From a foreigner’s perspective, there are certain things that have always struck me as quintessentially American. Rock & roll…the open highway…the refusal to let the life you were born into be the one you die out of. These things may seem cliché, but bring them up to anyone in any small American town and you’ll see that flicker of recognition in their eyes.
Think it matters that the rock & roll has been commercialized, the open highway leads to more of the same, and that most people die in the life they were born into? Of course not.
So what’s more important to focus on in an American film? The quintessential promise? Or the disappointing truth?
One could say that the titular “American Honey” in the film is Star (Sasha Lane). She is a girl who is both old enough and too young to be living the life that she is. When we meet her, she is dumpster diving behind a K-Mart with two small children in tow that aren’t even hers.
When she goes inside, she notices a group of late teen/early twenties kids laughing, singing, dancing, and carrying on. None of them look like they are especially well-off (they’re are partying in a K-Mart after all), but they seem…free.
Back outside, one of them named Jake (Shia LaBeouf) approaches her and suggests she joins them. He wants her to come on the road with them and perhaps make herself a bit of coin doing-so. He introduces her to the group’s leader, Krystal (Riley Keough), who offers her a place in the van.
Officially, the group makes their bank by selling magazines. Unofficially, they’re all looking to hustle cash in any way they can. It might mean smooth talking, it might mean fast fingers, it sometimes involves favours and friendly wagers. Money earned goes up to Krystal, who takes her cut and gauges how her minions are doing.
Day after day, Krystal and the group of drifters hit town after town across middle America and poke through the figurative couch cushions in search of loose cash. Day after day, Star and Jake grow closer and closer, despite differing approaches to their hustle. Day after day, Krystal grows increasingly wary of her new young earner.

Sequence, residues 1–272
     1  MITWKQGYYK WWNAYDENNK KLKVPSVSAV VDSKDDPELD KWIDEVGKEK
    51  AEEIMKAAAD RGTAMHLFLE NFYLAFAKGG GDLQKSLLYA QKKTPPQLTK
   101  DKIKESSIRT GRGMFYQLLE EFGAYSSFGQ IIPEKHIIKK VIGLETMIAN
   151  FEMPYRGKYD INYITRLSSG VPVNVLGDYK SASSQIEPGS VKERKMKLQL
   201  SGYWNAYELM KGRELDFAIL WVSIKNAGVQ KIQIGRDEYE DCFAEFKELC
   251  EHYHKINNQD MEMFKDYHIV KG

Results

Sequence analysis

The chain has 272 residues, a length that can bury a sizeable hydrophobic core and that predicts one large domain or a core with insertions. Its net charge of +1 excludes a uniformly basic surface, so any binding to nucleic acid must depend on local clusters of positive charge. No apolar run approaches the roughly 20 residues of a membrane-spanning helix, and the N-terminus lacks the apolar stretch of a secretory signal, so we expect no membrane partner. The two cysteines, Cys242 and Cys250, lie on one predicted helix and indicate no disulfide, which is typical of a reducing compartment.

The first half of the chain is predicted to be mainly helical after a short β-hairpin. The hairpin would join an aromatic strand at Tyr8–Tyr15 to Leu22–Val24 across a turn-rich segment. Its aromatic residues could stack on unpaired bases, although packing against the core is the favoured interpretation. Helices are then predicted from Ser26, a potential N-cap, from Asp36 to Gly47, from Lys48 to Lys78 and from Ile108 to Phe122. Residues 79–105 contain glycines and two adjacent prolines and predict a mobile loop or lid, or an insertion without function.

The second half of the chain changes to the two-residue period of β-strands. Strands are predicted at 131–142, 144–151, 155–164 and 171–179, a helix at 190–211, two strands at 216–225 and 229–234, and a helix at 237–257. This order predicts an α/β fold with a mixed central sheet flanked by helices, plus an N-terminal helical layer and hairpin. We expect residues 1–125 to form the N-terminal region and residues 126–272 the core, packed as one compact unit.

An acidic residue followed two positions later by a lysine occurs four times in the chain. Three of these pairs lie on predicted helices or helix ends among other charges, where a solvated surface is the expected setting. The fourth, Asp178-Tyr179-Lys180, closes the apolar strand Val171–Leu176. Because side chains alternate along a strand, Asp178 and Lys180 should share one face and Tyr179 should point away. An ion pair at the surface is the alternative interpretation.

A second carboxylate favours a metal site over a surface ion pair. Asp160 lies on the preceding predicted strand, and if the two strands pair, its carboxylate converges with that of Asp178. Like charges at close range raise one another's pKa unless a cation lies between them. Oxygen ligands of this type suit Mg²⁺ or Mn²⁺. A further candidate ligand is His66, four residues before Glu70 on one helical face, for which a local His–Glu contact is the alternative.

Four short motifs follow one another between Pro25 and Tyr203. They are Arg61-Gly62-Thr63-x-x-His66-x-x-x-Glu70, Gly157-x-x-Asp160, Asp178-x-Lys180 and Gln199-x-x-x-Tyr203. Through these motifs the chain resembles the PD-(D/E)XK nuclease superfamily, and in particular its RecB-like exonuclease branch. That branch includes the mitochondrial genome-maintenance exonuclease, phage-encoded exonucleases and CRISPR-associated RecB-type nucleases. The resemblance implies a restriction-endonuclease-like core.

It doesn’t sound like such a great situation, does it? Makes you wonder how much worse the alternative they’re running from is.
Director Andrea Arnold does an amazing job of making this film feel both vast and claustrophobic at the same time.
In scene after scene, we look out the windows of this van and see America stretching out in all directions. It seems vast, endless, and intimidating. The zip codes change but the sights remain the same. How is one supposed to make their mark? Arnold’s lens knows how to look at the country and suggest possibilities. It paints ordinary things in extraordinary light to show us how these kids might see them, and might hustle that much harder to get even a small piece of them.
At the same time, Arnold knows how to use a square crop to suggest the claustrophobia of the situations she puts Star into. Sometimes it’s the peril of trying to hustle three rich Texans, sometimes the bullying that comes from Krystal asserting herself as Queen Bee, or sometimes just the close quarters of that van. Often the walls seem to be closing in around our hero, and Arnold’s 1.33:1 frame goes a long way in underlining that.
Expansive and suffocating at the same time. Ain’t that America?
The sort of place where parents name their children “Star” and “Krystal” hoping that they will grow to be people as bright and magnetic as the monikers suggest. It’s a place where people can turn a charitable act into a backhanded hustle and chalk it up to just trying to get by.
The challenge of the film is the way it sits us in the backseat for a road trip we don’t want to take. These characters play silly songs way too loud. They talk shit about everything and everyone, constantly putting themselves into precarious situations. In short – it makes us take a journey we don’t want to take with people we don’t really like…something anyone who travels tries to avoid.
That’s the thing though – by avoiding such situations, and keeping ourselves comfortable, we remain in a bubble, never getting an understanding for how the hurdles others have to clear in life.
A wise man once said that film is a machine that generates empathy. It’s the empathy of AMERICAN HONEY that sticks with you. On any given day, in any given town in North America, you could handily walk past a Star, a Jake, or a Krystal in the parking lot of any shop or motel. For a fleeting moment, you might even interact with them before trying to get on with your life. Odds are, after that fleeting moment, you might never think about them again: not how they got there, not where they’re going next. What we come to realize is that we should.
Every one of them got there – “there” in this case being somewhere sketchy and without promise – because it was infinitely better than where they came from. What does that say about where they came from? What did they walk away from that was so shitty, that make life hustling strangers in middle America while riding in a jam-packed van seem appealing? The math of that equation should make us want to treat them better. It should make us be more charitable than the status quo, which is not to make eye-contact and walk by a little faster.
Maybe after this film we’ll slow our step, look at kids like these a bit differently, and offer a little something of ourselves.